Review: Montenegro guitar duo Krivokapic – Cerovic revealed the full spectrum of colours hidden in the six strings

Review: Montenegro guitar duo Krivokapic – Cerovic revealed the full spectrum of colours hidden in the six strings

With the series of brilliant chamber concerts, Ohrid Summer Festival once again, on its 62nd edition, confirmed its year-long mission – promotion of topmost music artists from around the world. The concert of the Montenegrin guitar duo was a precious occasion, the audience filled the St Sophia church and enjoyed the enchanting performance of the guests from Montenegro – Goran Krivokapic and Danijel Cerovic. Those are two outstandingly prominent artists with rich solo careers and notable teaching activity in many European music centres. The recital performance at Ohrid Summer Festival revealed the duo as a much synchronized chamber ensemble with a rich concert background. The programme this duo offered was an excellent choice, serious, yet “summer-appealing” enough to present the convincing performance of the artists in front of the audiences in Ohrid. On the first place we should underline: we heard two masterly prepared arrangements – for the Bach’s 6th English Suite in D minor, written for harpsichord made by Goran Krivokapic and Danije Cerovic and for the Suite “Troileana” by Astor Piazola, originally for jezz set, arranged by the Brazilian guitarist Sergio Assad.

There is an organic connection between the English and French suites by Bach with the traditional early-Baroque dancing suites played by the French laute players. Henceforth, the sound image created by the guitar duo with performing the English suite moved between the sister colours of archaic laute, Baroque harpsichord and classic guitar, especially suitable in the acoustic space of our ancient temple. On the other hand, each hearing of the Sixth Suite in D minor is a new reminder of the inevitable genius of Bach’s music. In each of the eight movements, the guitarists with strong technical precision and sense for details brought the versatile characters and dance moods. The two-part Prelude made from a pedal point intro and a demonically long fugue in the style of perpetuum mobile, was played focused, compact and with a notable technical clarity of the fast treble passages (Goran Krivokapic), originally written for a keyboard instrument, which undoubtedly is a challenge to be performed on a guitar. In a similar manner they played the “devilish” 12/16 Gigue, in a tempo fast enough for a finale. The three-voice contrapunct in the Alemanda, skillfully split between the two guitars, sounded reservedly, nobly, opposite to the dancing, playful Gavottes in D minor and D major. The courante, with a fluid, unstopped and notable keyboard facture, Danijel Cerovic, as bearer of the bass part, brought with unbelievable precision, in a single breath. We will point out the performance of the poetic Sarabande. Both guitarists with this vintage piece brought us into the world of lautists from the early 17th century. With a tempered rubato in the luxurious arpeggios, we discover the other, expressive side of the rich musicality which these talented artists certainly possess. The guitar duo elicited from their instruments a very subtle spectrum of dynamic nuances set in a gentle volume. Simply, we should note at least part of the fine details in the performance, because the English Suite in D minor was a brilliant match of a piece, master piece by Bach, (by the way, amazing music) and a masterly performance of two guitars.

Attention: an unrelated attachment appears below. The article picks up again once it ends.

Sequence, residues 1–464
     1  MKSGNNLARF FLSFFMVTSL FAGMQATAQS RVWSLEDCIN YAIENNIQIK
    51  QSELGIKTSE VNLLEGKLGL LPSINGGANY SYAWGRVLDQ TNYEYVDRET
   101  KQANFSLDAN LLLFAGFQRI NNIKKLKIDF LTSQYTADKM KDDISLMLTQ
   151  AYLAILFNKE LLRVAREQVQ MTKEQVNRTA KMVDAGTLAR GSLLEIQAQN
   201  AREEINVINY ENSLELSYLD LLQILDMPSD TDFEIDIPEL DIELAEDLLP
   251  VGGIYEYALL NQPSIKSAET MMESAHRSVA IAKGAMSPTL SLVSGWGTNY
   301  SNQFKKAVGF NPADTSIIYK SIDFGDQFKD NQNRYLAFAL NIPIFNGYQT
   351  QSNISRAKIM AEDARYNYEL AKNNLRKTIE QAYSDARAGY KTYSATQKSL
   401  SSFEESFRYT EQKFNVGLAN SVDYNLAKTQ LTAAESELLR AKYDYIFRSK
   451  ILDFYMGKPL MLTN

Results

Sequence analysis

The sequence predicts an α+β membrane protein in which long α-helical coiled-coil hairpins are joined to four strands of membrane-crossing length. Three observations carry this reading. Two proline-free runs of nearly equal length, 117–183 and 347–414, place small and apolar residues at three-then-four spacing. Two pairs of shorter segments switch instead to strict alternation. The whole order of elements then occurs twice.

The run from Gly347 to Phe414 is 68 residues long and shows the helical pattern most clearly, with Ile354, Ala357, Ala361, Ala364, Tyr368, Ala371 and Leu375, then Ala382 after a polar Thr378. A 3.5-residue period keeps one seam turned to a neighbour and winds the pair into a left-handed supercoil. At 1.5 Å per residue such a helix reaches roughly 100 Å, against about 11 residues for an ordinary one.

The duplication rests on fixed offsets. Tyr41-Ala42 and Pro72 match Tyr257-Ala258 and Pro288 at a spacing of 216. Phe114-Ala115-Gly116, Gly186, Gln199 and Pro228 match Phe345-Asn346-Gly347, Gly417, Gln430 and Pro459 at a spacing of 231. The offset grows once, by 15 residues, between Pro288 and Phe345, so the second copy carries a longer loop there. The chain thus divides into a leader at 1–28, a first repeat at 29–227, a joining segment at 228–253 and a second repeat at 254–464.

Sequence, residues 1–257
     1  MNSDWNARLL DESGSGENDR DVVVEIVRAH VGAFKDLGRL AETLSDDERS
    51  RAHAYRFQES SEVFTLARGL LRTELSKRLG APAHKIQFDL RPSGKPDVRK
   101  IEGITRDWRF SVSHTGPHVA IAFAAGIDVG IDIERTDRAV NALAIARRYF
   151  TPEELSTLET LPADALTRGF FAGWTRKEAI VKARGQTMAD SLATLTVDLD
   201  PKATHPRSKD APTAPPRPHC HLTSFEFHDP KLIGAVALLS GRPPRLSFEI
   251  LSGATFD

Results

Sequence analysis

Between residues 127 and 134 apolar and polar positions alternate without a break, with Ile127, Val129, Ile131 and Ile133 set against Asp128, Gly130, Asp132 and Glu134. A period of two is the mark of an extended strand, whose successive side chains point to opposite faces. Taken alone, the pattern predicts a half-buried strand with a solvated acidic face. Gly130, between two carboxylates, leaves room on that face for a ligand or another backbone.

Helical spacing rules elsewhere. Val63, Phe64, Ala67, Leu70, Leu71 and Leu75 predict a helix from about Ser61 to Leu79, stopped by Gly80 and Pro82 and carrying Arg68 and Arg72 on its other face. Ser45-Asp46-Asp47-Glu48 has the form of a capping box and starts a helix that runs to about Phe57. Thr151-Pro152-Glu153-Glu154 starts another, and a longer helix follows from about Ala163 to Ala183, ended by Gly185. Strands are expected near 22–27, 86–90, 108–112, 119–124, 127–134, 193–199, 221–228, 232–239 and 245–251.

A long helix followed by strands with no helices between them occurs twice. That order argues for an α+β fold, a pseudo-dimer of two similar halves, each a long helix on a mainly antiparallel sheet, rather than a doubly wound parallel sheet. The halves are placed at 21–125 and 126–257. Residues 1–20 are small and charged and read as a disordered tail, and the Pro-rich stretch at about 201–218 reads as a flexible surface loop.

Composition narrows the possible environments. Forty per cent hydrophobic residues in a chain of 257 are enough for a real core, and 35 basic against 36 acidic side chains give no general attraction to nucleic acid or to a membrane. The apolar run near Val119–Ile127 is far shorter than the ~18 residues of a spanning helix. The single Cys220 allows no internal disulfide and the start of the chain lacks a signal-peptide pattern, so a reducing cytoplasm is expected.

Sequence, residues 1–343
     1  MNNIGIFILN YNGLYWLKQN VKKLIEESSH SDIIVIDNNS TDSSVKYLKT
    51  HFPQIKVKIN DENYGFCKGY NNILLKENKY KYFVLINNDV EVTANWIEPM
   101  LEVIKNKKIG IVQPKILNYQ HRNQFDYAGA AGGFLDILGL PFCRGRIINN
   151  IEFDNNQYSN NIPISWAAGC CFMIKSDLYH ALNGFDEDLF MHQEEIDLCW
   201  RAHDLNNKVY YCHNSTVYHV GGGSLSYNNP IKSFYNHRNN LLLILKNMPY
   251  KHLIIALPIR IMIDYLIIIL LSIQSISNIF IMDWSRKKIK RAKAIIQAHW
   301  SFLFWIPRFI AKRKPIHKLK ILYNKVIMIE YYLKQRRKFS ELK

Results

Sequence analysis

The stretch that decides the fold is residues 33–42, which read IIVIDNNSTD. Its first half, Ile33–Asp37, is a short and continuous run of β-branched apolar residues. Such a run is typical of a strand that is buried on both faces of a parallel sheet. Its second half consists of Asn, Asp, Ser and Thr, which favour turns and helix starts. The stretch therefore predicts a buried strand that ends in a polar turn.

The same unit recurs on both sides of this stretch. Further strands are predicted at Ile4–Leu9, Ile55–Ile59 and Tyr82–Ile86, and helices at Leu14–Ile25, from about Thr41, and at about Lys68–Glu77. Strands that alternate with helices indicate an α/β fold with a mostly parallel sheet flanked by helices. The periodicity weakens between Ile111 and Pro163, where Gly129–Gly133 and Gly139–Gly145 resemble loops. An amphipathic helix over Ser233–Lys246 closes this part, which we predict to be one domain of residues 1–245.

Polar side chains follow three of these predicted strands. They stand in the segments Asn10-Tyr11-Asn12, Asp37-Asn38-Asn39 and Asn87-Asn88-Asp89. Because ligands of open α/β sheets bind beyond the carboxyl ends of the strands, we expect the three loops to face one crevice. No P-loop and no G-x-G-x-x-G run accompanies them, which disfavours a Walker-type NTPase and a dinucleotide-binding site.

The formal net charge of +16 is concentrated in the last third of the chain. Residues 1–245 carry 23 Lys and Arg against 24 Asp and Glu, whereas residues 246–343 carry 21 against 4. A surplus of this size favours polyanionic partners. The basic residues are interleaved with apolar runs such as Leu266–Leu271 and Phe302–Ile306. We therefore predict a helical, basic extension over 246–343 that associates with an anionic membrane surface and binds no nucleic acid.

As an excellent contrapunct to the dynamic Baroque motorics in the first part of the concert, we heard the Suite Troileana from the 1975, dedicated to the famous Argentinian bandoneon player, Anibal Triolo – part of the fantastic world of Astor Piazzola. Nevertheless, the genius improvisations of the Baroque masters are conception and inspiration for jazz music in the 20th century. The audience was pleased to hear the charming movements Bandonean, Whiskey, Zita and the effective Escolasso, in which the artists, with unhidden enjoyment, played revealing a different perspective of their artistic taste. “Nuevo tango” is full of free jazz harmonies. Here we heard a fully relaxed interpretation with tempered agogics. The pleasure at music playing was obvious, and was easily transferred to the audience.

Besides the two transcriptions, as a finish-up we heard the two “fiersome” dances, directly coming from the traditional flamonce – “Dance of the muller” and the famous, seducing “Ritual Fire Dance” by the Andalusian composer Manuel de Falla. The guitarists performed the effective dances nobly, with a notably synchronized rhythmics in the style of flamenco and expressive sudden dynamic contrasts. However, that wasn’t the end of the concert. In continuation we heard an unusually long encore, the “Circus Suite” by the contemporary Italian guitarist and composer Carlo Domenicani. That was a perfect finale, which gave the concert an additionally joyful and attractive tone. The programme collage from Spanish, Greek, Russian and well-known circus themes, with an authentic interpretation, was an excellent ending of this colourful concert.

Guitar is an instrument of intimacy, its attractiveness is limited to a concensed, gentle volume, but in the hands of masters like Goran Krivokapic and Danijel Cerovic, you can experience the full luxury of colours hidden in the six strings.

The performance of the Montenegro guitar duo was yet another pearl of Ohrid Summer Festival.

Vikica Kostoska Peneva